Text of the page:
The rebels at Antwerp attacked the fort of Ubalons between the city and the stockade, upon the Flanders dyke, but were repelled, so that we hope God will aid the good cause.—Ghent, 6 April, 1585.
Postscript.—I have not divulged these sad news to the College, but leave the matter to your discretion.
Copy of an intercepted letter. Fr. 1 p. [Ibid. I. 87.]
March 29./April 8. Don Luys de Rozos, governor of Santiago de Leon, to the King of Spain.
According to his Majesty's orders, he has issued proclamation that no negro, mulatto or mongrel should go among the natives, “for the harm they receive”; nor enter the new kingdom of Granada without licence, seeing the disorder there, and that it is “the principal place of infecting the whole kingdom and also of Peru.” Also that all natives shall repair to their own country, “being as they are beasts and rude,” and will not obey their governors. Some “redeemed negroes” went about to seize themselves of the royal coffer, wherefore he ordered the justice to punish them; but he found the people in such disorder that he could not do it, for they would obey nothing in his Highness' name.
They have great need of a Council house and prison. Has bought the best house in the city for it, without charge to his Majesty. Also they are making a conduit for the water, very necessary for the citizens, as they have to fetch it three miles.
Has despatched a captain for the province of Quiriquiros to inhabit there, because of the report of rich silver and gold mines. Their people have gone heretofore and done nothing. Has also caused two towns to be erected, called San Sebastian de los Reyes and San Juan de la Paz, with many natives in each, by means whereof they have found very rich mines of gold. Has given order for the conquest of the people called Sumanagows to Capt. Christofer de Cobos, a very good soldier. These are the Indians who killed Capt. Serpa and his people; very needful to be brought into subjection because of the city of Sumana, which cannot hold out without some town planted near, to provide them with victuals, as the city does not breed any kine or other beasts. In this government there is great store of pearls (perells) which have been seen by many of his Highness' subjects.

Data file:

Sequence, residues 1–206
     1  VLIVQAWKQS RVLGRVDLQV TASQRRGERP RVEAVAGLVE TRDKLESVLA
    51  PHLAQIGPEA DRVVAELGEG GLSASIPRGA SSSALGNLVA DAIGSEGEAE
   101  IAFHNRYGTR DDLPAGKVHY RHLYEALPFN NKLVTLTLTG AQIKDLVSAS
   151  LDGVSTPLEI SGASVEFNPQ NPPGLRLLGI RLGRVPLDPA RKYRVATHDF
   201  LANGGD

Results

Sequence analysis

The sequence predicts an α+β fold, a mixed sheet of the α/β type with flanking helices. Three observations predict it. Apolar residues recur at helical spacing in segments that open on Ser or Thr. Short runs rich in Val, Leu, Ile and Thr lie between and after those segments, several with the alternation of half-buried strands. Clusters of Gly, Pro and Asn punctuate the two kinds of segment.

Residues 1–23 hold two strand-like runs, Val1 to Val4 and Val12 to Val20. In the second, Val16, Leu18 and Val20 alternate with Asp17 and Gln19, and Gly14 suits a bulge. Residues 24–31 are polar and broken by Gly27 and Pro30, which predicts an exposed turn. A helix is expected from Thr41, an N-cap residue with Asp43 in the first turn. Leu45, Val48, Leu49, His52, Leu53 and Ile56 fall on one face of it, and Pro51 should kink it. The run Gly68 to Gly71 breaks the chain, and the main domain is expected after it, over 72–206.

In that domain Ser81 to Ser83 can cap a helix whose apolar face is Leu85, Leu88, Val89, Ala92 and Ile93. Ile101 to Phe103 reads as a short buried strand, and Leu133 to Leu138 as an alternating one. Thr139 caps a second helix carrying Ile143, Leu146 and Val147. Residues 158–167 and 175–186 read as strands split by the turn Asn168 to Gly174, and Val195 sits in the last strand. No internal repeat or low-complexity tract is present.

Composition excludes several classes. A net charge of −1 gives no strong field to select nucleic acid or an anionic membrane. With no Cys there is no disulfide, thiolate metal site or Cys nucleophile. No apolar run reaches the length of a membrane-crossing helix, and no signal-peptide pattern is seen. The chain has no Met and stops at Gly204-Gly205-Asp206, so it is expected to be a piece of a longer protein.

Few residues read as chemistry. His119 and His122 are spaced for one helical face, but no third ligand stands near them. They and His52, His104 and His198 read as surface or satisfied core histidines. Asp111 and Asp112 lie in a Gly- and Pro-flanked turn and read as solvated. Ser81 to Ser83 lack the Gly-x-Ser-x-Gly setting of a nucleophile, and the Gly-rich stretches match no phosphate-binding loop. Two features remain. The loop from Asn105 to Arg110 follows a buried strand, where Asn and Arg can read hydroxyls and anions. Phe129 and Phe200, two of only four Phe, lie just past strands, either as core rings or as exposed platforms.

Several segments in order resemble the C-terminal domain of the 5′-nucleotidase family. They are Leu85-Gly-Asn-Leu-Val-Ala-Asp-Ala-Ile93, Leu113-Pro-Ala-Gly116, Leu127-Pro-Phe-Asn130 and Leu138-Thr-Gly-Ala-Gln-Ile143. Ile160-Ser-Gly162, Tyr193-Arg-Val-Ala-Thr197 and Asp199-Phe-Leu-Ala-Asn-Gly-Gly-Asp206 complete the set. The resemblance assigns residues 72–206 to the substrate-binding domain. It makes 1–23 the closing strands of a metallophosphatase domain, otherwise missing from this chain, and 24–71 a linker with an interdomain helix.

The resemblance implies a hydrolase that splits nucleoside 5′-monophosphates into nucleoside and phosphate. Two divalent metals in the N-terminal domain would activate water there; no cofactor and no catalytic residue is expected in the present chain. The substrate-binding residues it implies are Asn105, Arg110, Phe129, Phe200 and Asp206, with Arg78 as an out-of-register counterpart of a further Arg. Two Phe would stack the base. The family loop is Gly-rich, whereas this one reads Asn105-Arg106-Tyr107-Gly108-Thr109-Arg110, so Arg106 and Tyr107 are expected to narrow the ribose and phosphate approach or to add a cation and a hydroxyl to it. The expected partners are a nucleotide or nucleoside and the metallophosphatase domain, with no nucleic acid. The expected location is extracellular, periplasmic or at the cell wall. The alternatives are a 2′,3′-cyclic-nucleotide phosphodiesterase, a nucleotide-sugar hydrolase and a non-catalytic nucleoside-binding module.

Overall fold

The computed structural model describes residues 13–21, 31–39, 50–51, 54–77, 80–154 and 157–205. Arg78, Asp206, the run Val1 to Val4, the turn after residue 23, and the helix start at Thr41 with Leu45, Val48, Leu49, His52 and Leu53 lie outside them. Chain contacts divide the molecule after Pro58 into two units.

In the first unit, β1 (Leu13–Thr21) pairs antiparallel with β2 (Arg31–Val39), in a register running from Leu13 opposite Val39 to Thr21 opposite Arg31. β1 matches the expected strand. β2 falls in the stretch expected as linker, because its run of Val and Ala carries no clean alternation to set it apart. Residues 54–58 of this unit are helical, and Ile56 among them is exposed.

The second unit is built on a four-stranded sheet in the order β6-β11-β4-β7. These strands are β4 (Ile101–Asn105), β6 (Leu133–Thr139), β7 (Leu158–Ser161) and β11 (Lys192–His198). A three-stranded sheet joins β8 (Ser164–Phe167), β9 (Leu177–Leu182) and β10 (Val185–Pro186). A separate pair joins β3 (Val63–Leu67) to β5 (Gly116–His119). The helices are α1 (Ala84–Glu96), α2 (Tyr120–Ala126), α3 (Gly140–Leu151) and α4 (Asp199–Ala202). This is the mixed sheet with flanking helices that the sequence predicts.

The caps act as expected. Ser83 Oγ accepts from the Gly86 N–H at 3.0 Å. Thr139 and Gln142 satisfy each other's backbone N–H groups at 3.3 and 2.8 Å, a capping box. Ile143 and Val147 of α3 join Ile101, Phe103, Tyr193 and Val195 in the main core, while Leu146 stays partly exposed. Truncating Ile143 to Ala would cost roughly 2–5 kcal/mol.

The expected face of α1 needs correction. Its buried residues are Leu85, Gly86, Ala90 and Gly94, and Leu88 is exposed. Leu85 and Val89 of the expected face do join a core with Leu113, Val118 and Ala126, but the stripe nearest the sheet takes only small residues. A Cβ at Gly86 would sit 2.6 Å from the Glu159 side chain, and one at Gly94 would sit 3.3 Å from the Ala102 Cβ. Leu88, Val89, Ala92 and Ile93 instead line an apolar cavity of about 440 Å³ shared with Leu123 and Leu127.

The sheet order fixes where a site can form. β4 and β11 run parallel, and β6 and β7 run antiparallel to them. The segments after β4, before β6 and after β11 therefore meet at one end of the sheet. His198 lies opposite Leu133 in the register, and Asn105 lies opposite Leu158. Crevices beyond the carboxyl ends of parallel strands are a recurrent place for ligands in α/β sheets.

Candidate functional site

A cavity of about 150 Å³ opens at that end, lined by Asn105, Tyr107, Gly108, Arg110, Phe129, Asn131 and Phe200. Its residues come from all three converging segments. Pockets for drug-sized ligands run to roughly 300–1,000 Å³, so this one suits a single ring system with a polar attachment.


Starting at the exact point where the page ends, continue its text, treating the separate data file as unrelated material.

Prays that orders may be sent to the officers of Santiago to pay him his wages for the time when he had the government of Santa Marta, which they refuse to do.—Santiago de Leon, 8 April, 1585.
Dorso. A note of the possessions of the King of Spain.
Translation. Endd.pp. [Spain II. 28.]
The brackets and lines have been added in another hand, no doubt to call attention to certain passages.
March 29. “A, note of such ships as are to repair into Spain out of the East countries.”
From Hamburg 22; Lubeck 10; Dantzig 8; Oxborough (?) 6. Total 48.
Endd. with date. ¼ p. [Ibid. II. 29.]
March 29. Harborne to Walsingham.
I cannot by word, much less in deed show my affection for your bountiful liberality to my poor aged parents and myself, “in restraining Bowen and others impugning her Majesty's late grant, which thereby they quietly enjoy, “and also in procuring her Majesty's protection against the rigour of their creditors; but I will pray God to requite it, and to give me hereafter means to show my devotion to your service. I am sorry you have not vouchsafed here to make trial thereof, which makes me doubt I have offended you, so that I should fear to write again, but for the thought of your affability and kindness, “preste” to pardon my want of learning and experience. Wherefore I pray you to continue your favour, the souvenance of which revives my wearied spirits in this weighty charge; for the which, as I confess my insufficiency and my desire to return for the comfort of my parents, I humbly crave your “congie” at the expiration of my prefixed time.
“I have delivered her Majesty's letters, gratefully accepted and herewith answered, received favourable promises and like addresses to Argier for the release of our captives, with restitution of the goods taken and severe commandments to abstain hereafter from harming ours, which I have despatched thither in this ship, the Charity, by a chaouse, my chief dragoman.”—Rapumat, 29 March, 1585.
Add. Endd. 1 p. [Turkey I. 33.]